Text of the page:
Excel’s Find and Replace
One of the first features a Microsoft Word user discovers is the ability to search through a document, looking for a word, and replace the word with a different word.
This is useful when you want to perform a bulk update on a consistently misspelled word or replace one term with a different term; such as, replace all the occurrences of the word “big” with the word “enormous”.
This feature exists in Microsoft Excel, and it performs the same action, but can it do anything beyond this basic task?
Let’s find out.
Accessing the Find/Replace feature
The Find/Replace feature can be activated by selecting the Home tab, Editing (group), clicking the button labeled “Find & Select”, then clicking “Find…” or “Replace…”
If you are the type of user that prefers launching features through keyboard shortcuts, you can activate Find via the CTRL-F key combination or Replace via the CTRL-H key combination.
Using the Find/Replace feature
Assuming you are already familiar with the basic operational use of the Find and Replace feature, let’s dive a bit deeper into the lesser known options of the tool.
The interesting options can be found by clicking the “Options >>” button (appropriately named).
The first option, labeled “Within”, is the ability to limit your search for text to the active sheet or search all sheets in the workbook.
The option labeled “Search” dictates the search direction; either down the rows or across the columns.
The “Look In” option controls what to examine. There are three options:
- Formulas – examine what was typed in the cells, either static text or text within a formula
- Values – examine what is displayed in a cell, either static text or the result of a formula
- Comments – examine the text entered in cell comments
The “Match case” and “Match entire cell contents” work the same way as the “Match case” and “Find whole words only” options in the Find/Replace feature of Microsoft Word.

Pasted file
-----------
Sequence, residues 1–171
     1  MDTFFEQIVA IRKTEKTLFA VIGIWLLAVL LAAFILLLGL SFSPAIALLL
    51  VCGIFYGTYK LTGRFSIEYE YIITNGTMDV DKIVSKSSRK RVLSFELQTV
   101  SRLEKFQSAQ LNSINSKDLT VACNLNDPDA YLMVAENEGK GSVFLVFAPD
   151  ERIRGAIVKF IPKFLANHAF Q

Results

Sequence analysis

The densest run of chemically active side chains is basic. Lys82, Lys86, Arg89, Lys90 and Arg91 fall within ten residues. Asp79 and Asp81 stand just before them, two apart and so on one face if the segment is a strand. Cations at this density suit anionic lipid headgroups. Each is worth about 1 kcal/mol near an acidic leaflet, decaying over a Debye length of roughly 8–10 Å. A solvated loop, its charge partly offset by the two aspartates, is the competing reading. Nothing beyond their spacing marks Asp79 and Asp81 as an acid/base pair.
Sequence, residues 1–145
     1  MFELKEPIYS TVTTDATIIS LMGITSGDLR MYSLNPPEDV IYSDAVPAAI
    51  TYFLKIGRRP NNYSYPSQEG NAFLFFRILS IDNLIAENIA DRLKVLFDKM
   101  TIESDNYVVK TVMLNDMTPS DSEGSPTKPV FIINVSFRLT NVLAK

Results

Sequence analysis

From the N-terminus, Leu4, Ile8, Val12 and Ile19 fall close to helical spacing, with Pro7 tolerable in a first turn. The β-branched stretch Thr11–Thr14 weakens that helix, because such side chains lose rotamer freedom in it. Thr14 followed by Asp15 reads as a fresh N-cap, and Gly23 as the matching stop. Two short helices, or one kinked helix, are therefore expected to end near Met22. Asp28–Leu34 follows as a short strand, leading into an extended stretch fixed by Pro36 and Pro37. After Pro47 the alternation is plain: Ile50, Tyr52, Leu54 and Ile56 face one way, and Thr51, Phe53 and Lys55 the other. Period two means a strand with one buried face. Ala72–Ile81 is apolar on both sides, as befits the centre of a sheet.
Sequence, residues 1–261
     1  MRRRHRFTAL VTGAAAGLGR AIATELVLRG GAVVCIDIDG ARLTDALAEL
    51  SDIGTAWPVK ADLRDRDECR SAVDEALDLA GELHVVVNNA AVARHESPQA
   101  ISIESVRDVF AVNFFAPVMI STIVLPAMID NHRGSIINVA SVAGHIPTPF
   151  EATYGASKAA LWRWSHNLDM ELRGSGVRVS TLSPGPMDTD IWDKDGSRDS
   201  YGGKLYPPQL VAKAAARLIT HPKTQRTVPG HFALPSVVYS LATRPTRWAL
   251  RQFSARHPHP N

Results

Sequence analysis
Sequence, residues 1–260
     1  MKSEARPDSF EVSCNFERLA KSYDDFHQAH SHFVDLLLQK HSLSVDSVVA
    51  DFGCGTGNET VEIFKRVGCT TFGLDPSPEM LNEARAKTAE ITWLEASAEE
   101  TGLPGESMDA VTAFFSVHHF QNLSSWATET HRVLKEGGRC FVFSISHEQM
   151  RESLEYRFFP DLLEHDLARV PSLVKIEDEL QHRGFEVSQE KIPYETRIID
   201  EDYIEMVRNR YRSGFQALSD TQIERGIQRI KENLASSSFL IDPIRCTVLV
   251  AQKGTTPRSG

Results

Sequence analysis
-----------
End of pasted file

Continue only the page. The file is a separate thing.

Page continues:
Performing the Find
One of the best options of the Find feature of the ability to list all the locations that contain your search criteria. This is performed using the “Find All” option.
Examining this list is often more efficient than “walking” though each location one at a time via the “Find Next” option.
By clicking on one of the entries in the list, Excel will place your cursor in the discovered cell.
One of the lesser-known abilities is the ability to select multiple list items and have the associated cells become selected.
If you wish to select all the items in the list, click on any single item and press the CTRL-A key combination on your keyboard.
At this point, we can close the Find dialog box and the cells will remain selected.
We can now perform bulk modifications, such as set the fill color on all selected cells.
Find/Replace with formatting
Another option is the ability to replace one set of text with another and apply formatting to the new text at the same time.
To demonstrate, press the key combination CTRL-H on your keyboard to open the Replace tab of the Find and Replace dialog box.
Enter the text you wish to find in the “Find what” field and the text you want to replace it with in the “Replace with” field.
To the far right of the “Replace with” field, click the small down arrow next to the word “Format…” and select “Format…”